Catholic Medical Quarterly Volume 70(3) August 2020

A killer virus in the developing world: CORRUPTION

Fr. James McTavish

FR McTavishA short reflection on corruption involving the health care sector in the developing world setting.

Background of author:
The author, Fr. James McTavish, is a Scottish Catholic priest with the Verbum Dei missionaries. He has been working in the Philippines for 17 years. Prior to entering religious life, he worked as a medical doctor (MB, BChir, Cambridge University1992) and later in surgery (Fellowship of the Royal College of Surgeons of Edinburgh 1997). Upon entering religious life in 1999, he did further studies in Moral theology and Bioethics. Part of his current priestly ministry involves giving formations on medical ethics to healthcare workers in the Philippines, as well as spiritual accompaniment (prayer with the Word of God and the celebration of the Eucharist) to nourish their life of faith.

It was with much frustration that I read the latest corruption scandal hitting the Philippines. I say frustration because corruption is endemic here already, but the recent scandal involves corruption in the health care sector. This is especially deplorable in the midst of the coronavirus pandemic where the health care systems in each country need all the help they can get.

The latest scandal here involved the organization called “PhilHealth,” the National Health Insurance Program of the Philippines. Their own website describes their official mandate: “The National Health Insurance Program was established to provide health insurance coverage and ensure affordable, acceptable, available and accessible health care services for all citizens of the Philippines.”[1] In 2019, investigative reporters from national newspaper groups revealed that the PhilHealth organization lost approximately PHP 154 billion Filipino pesos (equivalent to GBP 2.3 billion British pounds) to fraud, which is an astronomical amount in the developing world context.

Fraud cases include the “ghost” dialysis scheme, where PhilHealth was billed for non-existent kidney dialysis treatments. The breaking news now concerns fraudulent projects and fictitious claims in the PhilHealth budgeting, principally in the area of IT (information technology). Billions of mismanaged funds are at stake, but what particularly irked the auditors was the fake billing for Adobe software for the healthcare system. Each unit should have cost PHP 168,000 per unit (GBP 2,600 British pounds), but were being billed at PHP 21 million (GBP 330,000 British pounds). In the face of such blatant dishonesty and mismanagement of funds, the official anti-fraud officer of PhilHealth, the lawyer Thorrsson Montes Keith, has just quit citing “widespread corruption” and now says he is receiving death threats.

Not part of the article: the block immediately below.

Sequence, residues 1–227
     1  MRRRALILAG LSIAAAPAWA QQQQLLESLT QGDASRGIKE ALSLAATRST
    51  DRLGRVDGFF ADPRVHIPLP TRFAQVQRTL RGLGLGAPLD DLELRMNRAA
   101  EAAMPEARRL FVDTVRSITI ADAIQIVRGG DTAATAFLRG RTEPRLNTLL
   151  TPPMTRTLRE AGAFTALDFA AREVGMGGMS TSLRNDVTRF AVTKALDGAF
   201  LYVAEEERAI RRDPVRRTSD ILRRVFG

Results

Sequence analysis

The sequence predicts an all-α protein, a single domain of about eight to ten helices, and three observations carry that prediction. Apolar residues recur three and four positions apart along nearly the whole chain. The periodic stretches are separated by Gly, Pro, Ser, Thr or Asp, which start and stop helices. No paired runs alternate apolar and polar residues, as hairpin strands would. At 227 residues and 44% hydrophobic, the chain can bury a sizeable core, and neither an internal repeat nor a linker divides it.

It is a sad, but well-known fact, that a major killer in the developing world, is not only coronavirus but the deadly virus of corruption. It is estimated that corruption robs the world’s developing countries of more than a trillion dollars every year. If this money was actually invested in health, it could prevent 3.6 million deaths. [2]

Already in 2015 in his visit to the Philippines, Pope Francis himself commented on the situation when he mentioned “a society burdened by poverty and corruption” and invited the crowds to “reject every form of corruption which diverts resources from the poor.” [3] A year later, in his encyclical Amoris Laetitia, he had some strong words for those involved in corruption stating that it is a “festering wound,” “a grave sin,” “an evil,” “a sinful hardening of the heart,” and “a work of darkness.” [4]

Often corruption starts small. Once I was in a taxi in Manila and the driver was complaining about the corruption in the country. He was really irritated. When I got into the taxi, he changed the meter from PHP 40 (about 60 pence) pick-up fee, to PHP 80 (around GBP 1.20). On the journey, he asked my work. I told him I was a Catholic missionary priest. He was so shocked that he stopped the taxi in the middle of busy traffic and said “Bless me Father for I have sinned.” He then told me what he had done, bowed his head and asked for forgiveness! The traffic behind us was blowing their horns but the driver would not move until he received forgiveness! He then told me the ride was totally free. I found out on the journey he had a wife and 3 children to support so I gave him the fare and asked that he not be dishonest anymore. He promised me never again! Widespread corruption begins on a small scale. So, if a person is corrupt in small things, later it may worsen.